Sigmund Freud: Logical Phalluses

Sometimes a Fraud is just a FraudThe Greatest Intellectual Fraud in the History of Psychology

LPA fair critique of Sigmund Freud and psychoanalysis demands the eloquence and intellectual rigour of The Master himself, but unfortunately I can’t fart that loud – and even if I could it would be difficult to convey the full impression over the internet. Instead, I’ll have to fall back on reasoned argument and evidence, concepts alien to Freud and his disciples.

While real psychologists point at psychoanalysts and laugh, psychoanalysis dominates media representations of psychologists. A stereotypical ‘psychologist’ will have an Viennese accent and a dinky beard. Freud himself has entered popular culture, being played by Montgomery Clift in in John Huston‘s biographical film Freud: The Secret Passion (1962), and appearing alongside Sherlock Holmes in Herbert Ross‘s 1976 film version of Nicholas Meyer‘s novel  The Seven-Percent Solution (1974).

More troublingly, psychoanalysis forms the basis of the psychological theories that dominate much of literary theory, film theory and cultural studies, where it is often combined with Saussurian linguistics. Freud might not necessarily be referenced directly – more often you’ll find references to those who continued his work, like Melanie Klein, Donald Winnicott, above all others, Jacques Lacan – but the ideas originate with him: indeed, Lacan has characterised his own work as a ‘return to Freud‘.

More often still, psychoanalysis provides the enthymemes upon which other theories are built, such as the Structural Marxism of Louis Althusser and the psychoanalytical feminism of Juliet Mitchell. Althusser’s political theory of overdetermination, for instance, combines Freudian ideas outlined in The Interpretation of Dreams (1899) with those of mass murderer Mao Zedong. In Film Studies, Jean-Louis Baudry’s model of the ‘Cinematic Apparatus’, Christian Metz‘s semiotic theory of the ‘imaginary signifier’ and Laura Mulvey‘s influential theory of the ‘male gaze‘ (see my essay on her Visual Pleasure and Narrative Cinema) are drawn from psychoanalysis. Even apparently ‘common sense’ concepts like identification, which are now as much part of everyday discourse as that of academia, originate in psychoanalysis, and, as such, their usefulness and validity rests or falls on the validity of psychoanalysis itself.

As I’ve set myself the task of writing about popular culture using cognitive psychology rather than psychoanalysis, just as I aim to use Chomskyan linguistics rather that of Saussure, I should first set out the case against Freud. As we’ll see Freud’s work is not merely inadequate or outdated, as in the case of Saussure: it is more of a crank religion than a ‘science’, and rests upon evidence which is flimsy at best, and at worst, downright fraudulent; and what’s more it has contributed to the abuse of women and children despite being championed by ‘feminists’ like Juliet Mitchell.

Quack Therapy

When the history of bullshit is written Freud will tower above mere dabblers like L.Ron Hubbard.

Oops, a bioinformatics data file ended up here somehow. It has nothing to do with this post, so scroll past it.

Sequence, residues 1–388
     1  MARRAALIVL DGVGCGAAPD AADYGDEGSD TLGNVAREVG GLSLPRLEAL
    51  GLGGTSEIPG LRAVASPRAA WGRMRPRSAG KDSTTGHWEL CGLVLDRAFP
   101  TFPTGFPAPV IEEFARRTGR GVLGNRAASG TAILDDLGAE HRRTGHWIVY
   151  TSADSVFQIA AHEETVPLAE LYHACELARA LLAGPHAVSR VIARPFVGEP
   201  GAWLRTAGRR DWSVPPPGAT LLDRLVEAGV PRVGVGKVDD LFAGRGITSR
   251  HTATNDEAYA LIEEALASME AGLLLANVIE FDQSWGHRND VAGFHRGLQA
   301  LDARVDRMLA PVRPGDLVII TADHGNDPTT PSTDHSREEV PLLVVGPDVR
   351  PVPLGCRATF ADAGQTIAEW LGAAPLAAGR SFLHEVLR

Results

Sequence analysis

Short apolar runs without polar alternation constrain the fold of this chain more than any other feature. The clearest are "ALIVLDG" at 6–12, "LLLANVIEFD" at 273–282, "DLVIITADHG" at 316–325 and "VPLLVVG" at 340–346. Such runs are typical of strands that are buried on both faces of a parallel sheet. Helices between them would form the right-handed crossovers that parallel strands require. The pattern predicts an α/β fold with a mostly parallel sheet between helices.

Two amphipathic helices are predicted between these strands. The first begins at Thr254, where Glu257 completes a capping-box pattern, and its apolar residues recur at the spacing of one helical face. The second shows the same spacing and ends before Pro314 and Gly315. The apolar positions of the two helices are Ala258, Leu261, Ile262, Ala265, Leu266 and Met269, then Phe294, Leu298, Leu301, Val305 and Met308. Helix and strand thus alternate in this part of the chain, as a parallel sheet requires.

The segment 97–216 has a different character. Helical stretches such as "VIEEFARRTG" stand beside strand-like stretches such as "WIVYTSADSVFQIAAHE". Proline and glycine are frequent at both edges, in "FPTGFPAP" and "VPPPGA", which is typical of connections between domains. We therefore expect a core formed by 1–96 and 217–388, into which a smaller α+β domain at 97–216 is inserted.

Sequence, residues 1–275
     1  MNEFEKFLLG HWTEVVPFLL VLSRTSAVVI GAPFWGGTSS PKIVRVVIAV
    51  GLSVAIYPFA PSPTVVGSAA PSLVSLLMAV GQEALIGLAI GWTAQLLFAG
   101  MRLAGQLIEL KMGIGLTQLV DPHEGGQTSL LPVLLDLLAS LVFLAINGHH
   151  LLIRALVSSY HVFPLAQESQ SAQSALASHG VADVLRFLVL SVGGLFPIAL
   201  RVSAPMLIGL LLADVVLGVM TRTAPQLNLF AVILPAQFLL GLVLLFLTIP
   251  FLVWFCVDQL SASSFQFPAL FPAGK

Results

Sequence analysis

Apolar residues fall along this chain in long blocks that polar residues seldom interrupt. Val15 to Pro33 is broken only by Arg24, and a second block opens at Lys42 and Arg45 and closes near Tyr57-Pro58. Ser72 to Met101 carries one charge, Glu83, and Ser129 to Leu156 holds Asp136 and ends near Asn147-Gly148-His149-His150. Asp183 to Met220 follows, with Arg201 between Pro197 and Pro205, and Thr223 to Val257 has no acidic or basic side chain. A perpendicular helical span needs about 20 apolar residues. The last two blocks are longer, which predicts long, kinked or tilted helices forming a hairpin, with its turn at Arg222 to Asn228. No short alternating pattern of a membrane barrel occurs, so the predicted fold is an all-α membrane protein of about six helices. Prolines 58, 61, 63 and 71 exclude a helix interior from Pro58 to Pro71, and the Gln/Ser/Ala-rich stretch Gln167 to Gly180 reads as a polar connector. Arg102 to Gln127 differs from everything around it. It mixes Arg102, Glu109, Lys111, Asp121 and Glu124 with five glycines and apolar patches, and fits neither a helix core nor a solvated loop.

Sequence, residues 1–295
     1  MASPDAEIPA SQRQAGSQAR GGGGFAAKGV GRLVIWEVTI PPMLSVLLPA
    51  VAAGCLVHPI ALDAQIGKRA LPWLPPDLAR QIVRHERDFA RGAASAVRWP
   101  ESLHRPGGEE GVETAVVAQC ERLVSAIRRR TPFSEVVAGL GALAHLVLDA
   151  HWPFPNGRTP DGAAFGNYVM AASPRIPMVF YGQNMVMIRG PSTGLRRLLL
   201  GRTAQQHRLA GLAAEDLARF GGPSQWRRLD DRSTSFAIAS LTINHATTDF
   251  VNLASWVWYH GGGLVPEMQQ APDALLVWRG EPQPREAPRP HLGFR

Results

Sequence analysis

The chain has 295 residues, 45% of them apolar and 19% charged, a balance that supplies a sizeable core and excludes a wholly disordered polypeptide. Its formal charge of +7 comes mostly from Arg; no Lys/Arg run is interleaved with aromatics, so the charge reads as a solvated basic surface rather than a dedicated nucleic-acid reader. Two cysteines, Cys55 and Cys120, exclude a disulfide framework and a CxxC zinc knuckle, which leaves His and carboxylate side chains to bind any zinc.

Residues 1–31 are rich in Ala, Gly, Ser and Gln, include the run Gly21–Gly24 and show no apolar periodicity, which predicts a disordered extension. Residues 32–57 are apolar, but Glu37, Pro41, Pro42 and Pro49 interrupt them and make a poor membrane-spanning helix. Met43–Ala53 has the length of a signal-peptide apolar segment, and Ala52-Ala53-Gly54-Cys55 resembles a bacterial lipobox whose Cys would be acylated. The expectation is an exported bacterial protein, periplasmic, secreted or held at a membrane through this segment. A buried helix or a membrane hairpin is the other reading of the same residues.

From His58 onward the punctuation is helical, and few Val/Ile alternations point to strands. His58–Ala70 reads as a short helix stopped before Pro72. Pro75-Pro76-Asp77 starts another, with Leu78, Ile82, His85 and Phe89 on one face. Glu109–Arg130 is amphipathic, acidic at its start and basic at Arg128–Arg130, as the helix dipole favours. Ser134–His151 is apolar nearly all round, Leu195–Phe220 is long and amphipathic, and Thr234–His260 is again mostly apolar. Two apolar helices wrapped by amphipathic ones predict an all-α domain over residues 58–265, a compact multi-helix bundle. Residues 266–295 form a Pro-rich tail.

Freud’s theories claim legitimacy based upon their alleged ‘effectivenes’ but analysis of recovery among patients of psychoanalysis by Hans Eyesenck as far back as 1952 shows that recovery rates were no greater than those attributable to spontaneous remission. Neuroses are largely self-terminating disorders which generally clear up within two years with or without therapy, much as a cold will disappear in a few days irrespective of whether you take anything for it. Psychoanalysists and their patients may claim their therapy is effective but such evidence is always anecdotal, with no establishe base-line against which to measure this effectiveness.

The connection between the infantile and the hysterical amnesias is really more than a mere play of wit. The hysterical amnesia which serves the repression can only be explained by the fact that the individual already possesses a sum of recollections which have been withdrawn from conscious disposal and which by associative connection now seize that which is acted upon by the repelling forces of the repression emanating from consciousness. We may say that without infantile amnesia there would be no hysterical amnesia.

– Sigmund Freud, The Infantile Sexuality

So, what exactly are these theories Freudians claim are so effective?

The Psychosexual Development of the Child

Just as many modern theories of the mind use computing as a metaphor, Freud’s analogies draw upon the then-cutting edge technology of hydrolics, with energy – or libido – exerting pressure of being diverted into one part of the psyche to another. Freud’s theories about neuroses are supported by a psychosexual theory about the development of the child. As we’ll see, there’s little or no evidence which supports these theories but they are taken as self-evident.

It’s worth examining Freud’s theories of  psychosexual development and their relationship to neuroses in some detail to get some idea of the shear scope of unfounded speculation psychanalysis embodies.

According to Freud, the child passed through five stages of  psychosexual development: (1) the Oral stage, (2) the Anal stage, (3) the Phallic stage, (4) the Latent stage, and finally (5) the Genital stage.

(1) The Oral stage is characterised by thumb sucking.

Pleasure-sucking is often combined with a rubbing contact with certain sensitive parts of the body, such as the breast and external genitals. It is by this road that many children go from thumb-sucking to masturbation…

I believe that the association of the manifestations into which we gained an insight through psychoanalytic investigation justify us in claiming thumbsucking as a sexual activity and in studying through it the essential features of the infantile sexual activity.

– Sigmund Freud, The Infantile Sexuality

Freud refers to the Oral stage as essentially ‘cannibalistic’:

Here the sexual activity is not yet separated from the taking of nourishment, and the contrasts within the same not yet differentiated. The object of the one activity is also that of the other, the sexual aim consists in the incorporating into one’s own body of the object, it is the prototype of that which later plays such an important psychic rôle as identification.

– Sigmund Freud, The Infantile Sexuality

I’ll be devoting an entire essay to the concept of identification at a later date as it forms the basis of most psychoanalytical theories about the media, and has also entered popular discourse to the extent it is regarded as ‘common sense’ – despite the fact that it has no theoretical validity whatsoever.

(2) During the Anal stage the primary erogenous zone is, not surprisingly, the anus: